According to the article published in the Nature Communications journal, American physicists have discovered the method of boosting graphene superconduction properties while studying the material’s carbon and calcium monatomic layers.
Thus, physicists have been able to turn graphene into super-fast ‘highway’ for electrons, ‘With this brand-new technique we have managed to demonstrate how electrons in graphene layers form into Cooper pairs, which in turn provides superconductivity, as well as highlights the role of calcium layers. Now we can claim that we understand the nature of superconductivity in graphene fully’, Jonathan Sobota from Stanford University says.
Sobota and his colleagues said that they were able to uncover the secret of superconductivity for graphene and find several methods for practical implementation, due to a thorough research of the graphene sandwich structure and ultrathin calcium sheets through applying a synchrotron SSRL emitter in SLAC National Accelerator Laboratory at Stanford.
As noted by the authors, physicists around the world are well aware of graphene and calcium sandwiches superconducting properties for almost 10 years. In recent years, scientists have tried to reproduce this property in pure graphene as well as in a range of other materials; however, the attempts resulted in a failure due to lack of understanding on superconductivity nature.
Sobota group has resolved this problem, by lighting up the pieces of graphite and calcium sheets using X-ray appliances, which helped them understand how electrons move within these sandwich and how the so-called Cooper pairs are formed within the material that provide superconductivity .
Graphene Vision Unlocked
A group of researchers from the University of Michigan, headed by a seasoned electrical engineer Zhaohui Zhong, has found a way to create tiny imagers that do not require refrigeration. The brand-new technology utilises graphene and, in fact, represents an infrared camera of a fingernail size. Compared to the current cumbersome thermal imaging devices, the technology is fairly considered to be a major breakthrough in miniaturisation field.
It’s a common knowledge that graphene is capable of perceiving infrared radiation at room temperature. Unfortunately, the sensitivity of graphene IR sensors was pretty low (100-1000 less than a commercial device requires) until now, and that was the cause of inability to produce an electrical signal, sufficient for an imager.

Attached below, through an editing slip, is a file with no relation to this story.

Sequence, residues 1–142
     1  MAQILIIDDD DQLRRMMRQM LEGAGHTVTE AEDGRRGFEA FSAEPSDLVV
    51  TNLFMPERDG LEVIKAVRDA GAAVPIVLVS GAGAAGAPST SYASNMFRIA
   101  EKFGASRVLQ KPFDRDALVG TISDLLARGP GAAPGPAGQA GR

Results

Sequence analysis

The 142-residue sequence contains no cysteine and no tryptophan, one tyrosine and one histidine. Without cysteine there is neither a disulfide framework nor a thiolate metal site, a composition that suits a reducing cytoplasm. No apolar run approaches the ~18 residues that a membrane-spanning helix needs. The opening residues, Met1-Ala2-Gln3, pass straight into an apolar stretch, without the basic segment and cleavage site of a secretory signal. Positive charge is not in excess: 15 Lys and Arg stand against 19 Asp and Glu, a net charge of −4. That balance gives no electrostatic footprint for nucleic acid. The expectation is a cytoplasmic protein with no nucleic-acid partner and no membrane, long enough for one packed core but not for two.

To resolve this problem, the researchers decided to abandon the conventional technology of the optical sensor when the infrared light falls on graphene, releases electrons, which in their turn create an electronic signal. Instead, the inventors decided to analyze how the light-induced electric charges applied to the upper graphene layer affect the current flowing through the lower layer. Thus, the scientists have combined together two layers of graphene: the lower layer missed electric current, while the top one began to irradiate infrared light. It turned out that under the influence of infrared radiation, electrons leave positively charged holes in graphene’s upper layer. These holes contribute to the emergence of an electric field which affects the flow of electrons in the lower layer of graphene. Therefore, basing on the oscillation parameters measurement technology of the current in the lower layer, it is possible to create ultra IR sensor.
Given the latest achievements, an extremely compact infrared sensor based on graphene can accommodate even on the surface of the contact lens. In the presence of savvy graphene companies, such as 2-DTECH or Graphene Technologies, promoting graphene uses to make benefits from innovations, there is no doubt that the technology will enter the mass production if the trials are a success.
According to the developers, the new IR sensor has the same sensitivity in the mid-IR range as modern thermal imagers. Taking in account it doesn’t require efficient cooling it can be used in mobile phones, glasses and even contact lenses.